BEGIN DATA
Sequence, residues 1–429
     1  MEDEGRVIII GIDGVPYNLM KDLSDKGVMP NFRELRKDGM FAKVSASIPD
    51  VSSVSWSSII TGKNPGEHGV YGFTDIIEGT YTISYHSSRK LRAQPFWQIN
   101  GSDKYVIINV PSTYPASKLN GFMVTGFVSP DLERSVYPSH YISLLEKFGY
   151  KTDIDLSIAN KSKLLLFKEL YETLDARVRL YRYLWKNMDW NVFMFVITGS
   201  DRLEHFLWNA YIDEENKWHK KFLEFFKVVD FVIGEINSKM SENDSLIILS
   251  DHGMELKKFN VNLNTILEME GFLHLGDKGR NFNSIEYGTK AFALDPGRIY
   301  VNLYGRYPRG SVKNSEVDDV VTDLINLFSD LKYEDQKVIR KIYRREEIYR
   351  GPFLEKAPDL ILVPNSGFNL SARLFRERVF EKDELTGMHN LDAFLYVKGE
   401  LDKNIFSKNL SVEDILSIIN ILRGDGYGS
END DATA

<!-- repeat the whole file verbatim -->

Sequence, residues 1–429
     1  MEDEGRVIII GIDGVPYNLM KDLSDKGVMP NFRELRKDGM FAKVSASIPD
    51  VSSVSWSSII TGKNPGEHGV YGFTDIIEGT YTISYHSSRK LRAQPFWQIN
   101  GSDKYVIINV PSTYPASKLN GFMVTGFVSP DLERSVYPSH YISLLEKFGY
   151  KTDIDLSIAN KSKLLLFKEL YETLDARVRL YRYLWKNMDW NVFMFVITGS
   201  DRLEHFLWNA YIDEENKWHK KFLEFFKVVD FVIGEINSKM SENDSLIILS
   251  DHGMELKKFN VNLNTILEME GFLHLGDKGR NFNSIEYGTK AFALDPGRIY
   301  VNLYGRYPRG SVKNSEVDDV VTDLINLFSD LKYEDQKVIR KIYRREEIYR
   351  GPFLEKAPDL ILVPNSGFNL SARLFRERVF EKDELTGMHN LDAFLYVKGE
   401  LDKNIFSKNL SVEDILSIIN ILRGDGYGS